WASHINGTON — Former Secretary of State Mike Pompeo on Tuesday poured cold water on a new World Health Organization report that concluded it was “extremely unlikely” the COVID-19 outbreak leaked from a Chinese lab.
In an interview with Fox News, Pompeo said he believed WHO officials were acting in the best interests of China and that he was aware of “significant evidence” that the global pandemic did in fact originate in a Wuhan laboratory.
“I must say the reason we left the World Health Organization was because we came to believe that it was corrupted, it had been politicized. It was bending a knee to General Secretary Xi Jinping in China,” Pompeo said of the Trump administration’s decision to withdraw from the UN body.
“I hope that’s not the case here with what they’ve announced today. I’ll look forward to seeing their reports and analysis, but I don’t believe it’s the case that they got access that they needed. I know they didn’t get access they needed in a timely fashion,” he said.
“I continue to know that there was significant evidence that this may well have come from that laboratory,” Pompeo said.
Former Secretary of State Mike Pompeo said “not a thing” had changed of his view that COVID-19 came from a lab.Andrew Harnik/Pool/AFP via Getty Images
“So nothing has changed in your view that it came from the lab?” asked “America’s Newsroom” host Bill Hemmer.
“Not a thing,” responded Pompeo.
A World Health Organization-led team investigating the origins of the plague, which has so far killed 2.3 million people worldwide, visited the Chinese city of Wuhan, where the outbreak first emerged in late 2019.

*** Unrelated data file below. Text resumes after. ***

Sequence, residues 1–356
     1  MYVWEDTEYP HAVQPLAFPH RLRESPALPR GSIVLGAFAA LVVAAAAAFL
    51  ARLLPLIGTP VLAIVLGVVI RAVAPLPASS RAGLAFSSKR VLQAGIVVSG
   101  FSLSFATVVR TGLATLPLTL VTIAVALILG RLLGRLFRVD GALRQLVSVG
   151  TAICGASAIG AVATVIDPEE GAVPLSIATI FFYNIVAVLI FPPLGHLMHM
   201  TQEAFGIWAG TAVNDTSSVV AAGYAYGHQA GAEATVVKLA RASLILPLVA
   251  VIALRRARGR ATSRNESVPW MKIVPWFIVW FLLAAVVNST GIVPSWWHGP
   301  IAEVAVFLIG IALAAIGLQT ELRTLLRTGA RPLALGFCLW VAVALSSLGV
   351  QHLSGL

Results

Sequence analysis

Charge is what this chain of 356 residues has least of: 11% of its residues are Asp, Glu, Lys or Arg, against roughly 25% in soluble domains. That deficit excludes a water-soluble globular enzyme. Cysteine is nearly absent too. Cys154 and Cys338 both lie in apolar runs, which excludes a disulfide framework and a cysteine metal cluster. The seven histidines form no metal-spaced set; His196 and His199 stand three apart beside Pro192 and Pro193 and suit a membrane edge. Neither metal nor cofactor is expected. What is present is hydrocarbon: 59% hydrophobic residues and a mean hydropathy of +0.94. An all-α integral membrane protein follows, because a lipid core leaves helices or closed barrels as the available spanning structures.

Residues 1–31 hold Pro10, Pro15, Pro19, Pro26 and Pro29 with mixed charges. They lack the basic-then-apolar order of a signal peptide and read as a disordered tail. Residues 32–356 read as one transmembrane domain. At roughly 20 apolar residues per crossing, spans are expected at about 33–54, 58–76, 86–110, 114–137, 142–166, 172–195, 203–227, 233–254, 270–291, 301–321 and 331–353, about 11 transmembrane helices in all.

“Our initial findings suggest that the introduction through an intermediary host species is the most likely pathway and one that will require more studies and more specific targeted research,” WHO food safety and animal diseases expert Peter Ben Embarek said.
Peter Daszak (right), Thea Fischer (left) and other members of the World Health Organization (WHO) team investigating the origins of the COVID-19 coronavirus arrive at the Wuhan Institute of Virology in Wuhan.Hector Retamal/AFP via Getty Images
“However, the findings suggest that the laboratory incidents hypothesis is extremely unlikely to explain the introduction of the virus to the human population,” he added.
Embarek said the possibility that the virus was manufactured in a lab would not be encouraged as an avenue for further study and speculated that bats were a probable source of transmission.
China’s Communist regime has promoted the idea that the virus can be found on frozen food and even blamed the outbreak on US troops, floating a conspiracy theory that the respiratory disease originated in a US lab in Maryland.
China’s ambassador to the United States told CNN on Sunday that the World Health Organization should investigate the US too.
Peter Ben Embarek has called the lab hypothesis “extremely unlikely.”Hector Retamal/AFP via Getty Images
Relations between Washington and Beijing soured as the Trump administration sought to hold the CCP accountable for its coverup of the origins of the virus and repeated refusal to allow investigators into the country.
In one of his first acts in the White House, President Biden re-enrolled the US in the WHO, swatting away concerns that the organization had failed to hold China accountable at the start of the health crisis.